In our view, taking money out of your best ideas where you have the most confidence in future returns and ability to withstand risks to put it in companies you know less about and have less confidence in makes little sense.
Phillip Fisher who has one of the best long- term track records said it this way many years ago:
“Investors have been so oversold on diversification that only a small percentage of their holdings are in attractive stocks that they know much about. It never seems to occur to them that buying a company without having sufficient knowledge may be even more dangerous than having inadequate diversification.”
We have found that for the equity portion of portfolios 15-25 well selected companies provides adequate diversification and that our knowledge level of companies in the portfolio is greatly diminished with more than 25 holdings. That knowledge deficit along with allocating money away from our best ideas makes it more difficult for us to produce attractive long term returns in a risk averse way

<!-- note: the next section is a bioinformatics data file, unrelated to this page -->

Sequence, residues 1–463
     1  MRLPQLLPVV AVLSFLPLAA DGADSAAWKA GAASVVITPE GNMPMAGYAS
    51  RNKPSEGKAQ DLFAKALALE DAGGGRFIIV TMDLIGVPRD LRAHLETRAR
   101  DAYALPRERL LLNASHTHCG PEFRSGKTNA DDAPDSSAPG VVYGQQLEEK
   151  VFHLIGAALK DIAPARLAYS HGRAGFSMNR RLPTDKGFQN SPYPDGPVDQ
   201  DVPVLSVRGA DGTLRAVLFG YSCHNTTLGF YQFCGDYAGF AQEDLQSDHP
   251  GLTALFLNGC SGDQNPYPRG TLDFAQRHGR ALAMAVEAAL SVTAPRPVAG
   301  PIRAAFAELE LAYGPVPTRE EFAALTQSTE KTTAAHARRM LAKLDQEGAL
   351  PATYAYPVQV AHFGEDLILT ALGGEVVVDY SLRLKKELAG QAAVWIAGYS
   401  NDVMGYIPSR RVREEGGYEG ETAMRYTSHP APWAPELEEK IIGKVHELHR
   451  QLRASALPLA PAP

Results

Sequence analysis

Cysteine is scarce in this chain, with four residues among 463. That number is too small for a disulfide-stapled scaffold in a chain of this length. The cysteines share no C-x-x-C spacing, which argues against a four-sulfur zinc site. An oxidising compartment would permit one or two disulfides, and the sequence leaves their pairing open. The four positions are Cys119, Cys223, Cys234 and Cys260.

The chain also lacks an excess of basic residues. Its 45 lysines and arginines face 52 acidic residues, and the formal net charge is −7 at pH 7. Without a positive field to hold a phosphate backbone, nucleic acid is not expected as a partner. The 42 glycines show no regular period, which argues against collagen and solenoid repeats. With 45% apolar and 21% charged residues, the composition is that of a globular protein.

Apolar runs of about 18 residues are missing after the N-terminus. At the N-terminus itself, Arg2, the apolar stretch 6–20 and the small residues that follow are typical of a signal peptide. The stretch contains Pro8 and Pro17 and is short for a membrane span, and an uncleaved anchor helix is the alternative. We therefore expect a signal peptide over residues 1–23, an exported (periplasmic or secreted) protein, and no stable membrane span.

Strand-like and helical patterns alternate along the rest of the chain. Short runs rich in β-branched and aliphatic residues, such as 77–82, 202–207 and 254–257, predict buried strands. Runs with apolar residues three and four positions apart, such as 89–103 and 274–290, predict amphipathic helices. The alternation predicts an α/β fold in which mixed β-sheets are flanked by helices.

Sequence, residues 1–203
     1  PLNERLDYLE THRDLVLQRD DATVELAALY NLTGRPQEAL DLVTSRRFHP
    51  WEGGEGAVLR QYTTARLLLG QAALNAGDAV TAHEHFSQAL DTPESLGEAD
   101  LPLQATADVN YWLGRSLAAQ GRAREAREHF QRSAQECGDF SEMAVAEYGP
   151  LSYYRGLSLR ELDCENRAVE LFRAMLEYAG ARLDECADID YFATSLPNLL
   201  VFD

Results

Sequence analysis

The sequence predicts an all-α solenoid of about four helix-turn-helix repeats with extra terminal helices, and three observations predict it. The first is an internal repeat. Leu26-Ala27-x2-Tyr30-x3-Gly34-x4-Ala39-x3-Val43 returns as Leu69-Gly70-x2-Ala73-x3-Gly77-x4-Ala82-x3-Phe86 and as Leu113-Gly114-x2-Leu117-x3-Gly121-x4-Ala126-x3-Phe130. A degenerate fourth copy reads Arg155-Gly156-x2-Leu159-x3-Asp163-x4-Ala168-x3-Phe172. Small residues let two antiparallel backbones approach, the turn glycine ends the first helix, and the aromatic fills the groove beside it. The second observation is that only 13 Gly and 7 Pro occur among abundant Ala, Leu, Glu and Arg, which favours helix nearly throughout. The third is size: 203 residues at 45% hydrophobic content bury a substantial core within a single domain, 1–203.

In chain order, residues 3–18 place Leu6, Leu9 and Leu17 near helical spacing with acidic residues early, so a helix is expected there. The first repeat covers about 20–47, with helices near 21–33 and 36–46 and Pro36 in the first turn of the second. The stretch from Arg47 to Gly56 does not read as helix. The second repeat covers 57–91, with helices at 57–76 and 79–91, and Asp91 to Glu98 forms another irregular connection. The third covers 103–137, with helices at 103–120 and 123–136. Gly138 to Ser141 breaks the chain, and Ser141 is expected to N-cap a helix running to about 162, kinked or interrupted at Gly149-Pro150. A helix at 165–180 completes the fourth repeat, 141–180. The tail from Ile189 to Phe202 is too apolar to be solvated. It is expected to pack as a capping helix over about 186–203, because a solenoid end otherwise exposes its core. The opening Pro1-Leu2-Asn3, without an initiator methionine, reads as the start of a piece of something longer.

Further, we believe investors underestimate the differentiation in returns and valuations in the companies comprising the market. To us, this variation means there is an opportunity for concentrated portfolios to avoid the more overvalued and or overleveraged sectors of the market but only if rigorous hurdles are met and you are disciplined about implementing your investment process.
Phillip Fisher who we mentioned earlier did a five study many years which is outlined below of 140 companies in the various Dow Index’s at the time that started with an A or T. He found a wide variation in returns over the period among the 140 companies. (Common Stocks and Uncommon Profits first published in 1958)
Opportunity Cost of Diversification
Vicky Janowski - Jul 2, 2020
Christina Haley O'Neal - Jul 2, 2020
Cece Nunn - Jul 3, 2020
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